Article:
Conventional silicon solar cells are very good at converting sunlight into electricity, but they are also expensive to produce and are quite bulky. Lower cost alternatives often contain toxic or scarce materials. Therefore, researchers at The Institute of Photonic Sciences (ICFO) searched for photovoltaic technology that is thin, low-cost, flexible, and environmentally friendly, so that sustainable energy could be installed in more locations. They have developed a new kind of solar cell that is non-toxic, easy to produce, and made with abundant materials.
The new solar cell is made from AgBiS2 nanocrystals, a material that consists of non-toxic, earth-abundant elements. While silicon solar cells are processed at high temperatures, AgBiS2 is produced at the relatively low temperature of 100 degrees Celsius.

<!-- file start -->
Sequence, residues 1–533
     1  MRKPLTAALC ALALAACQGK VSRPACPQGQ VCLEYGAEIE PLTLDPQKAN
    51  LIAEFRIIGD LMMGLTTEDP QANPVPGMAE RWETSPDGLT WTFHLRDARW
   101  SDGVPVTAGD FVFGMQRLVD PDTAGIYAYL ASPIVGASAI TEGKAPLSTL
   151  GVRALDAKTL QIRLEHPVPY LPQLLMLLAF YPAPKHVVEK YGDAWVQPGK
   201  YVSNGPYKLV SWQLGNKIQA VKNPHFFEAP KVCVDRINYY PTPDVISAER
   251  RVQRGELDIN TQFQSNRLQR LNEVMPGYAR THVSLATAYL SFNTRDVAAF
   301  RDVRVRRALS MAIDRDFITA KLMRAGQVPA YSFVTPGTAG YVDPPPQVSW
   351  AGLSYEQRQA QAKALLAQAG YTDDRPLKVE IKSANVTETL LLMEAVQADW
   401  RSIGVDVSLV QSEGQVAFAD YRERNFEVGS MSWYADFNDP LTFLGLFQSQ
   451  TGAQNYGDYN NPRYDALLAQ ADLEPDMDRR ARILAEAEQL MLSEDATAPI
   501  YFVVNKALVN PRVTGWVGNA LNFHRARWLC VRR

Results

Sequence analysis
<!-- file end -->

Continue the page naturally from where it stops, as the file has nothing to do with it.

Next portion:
A very interesting feature of AgBiS2 solar cells is that they can be made in air at low temperatures using low-cost solution processing techniques without the need for the sophisticated and expensive equipment required to fabricate many other solar cells. These features give AgBiS2 solar cells significant potential as a low-cost alternative to traditional solar cells.
The researchers described their new solar cell in a paper that published in Nature Photonics on June 20. They conclude that AgBiS2 has strong potential as a solar-cell material that in the near future can compete with current thin film technologies that rely on vacuum-based, high-temperature manufacturing processes. So far, the new solar cell achieved a power conversion efficiency of 6.3 percent, but researcher Gerasimos Konstantatos says, “These first results are very encouraging, yet this is still the beginning and we are currently working on our next milestone towards efficiencies higher than 12 percent.”
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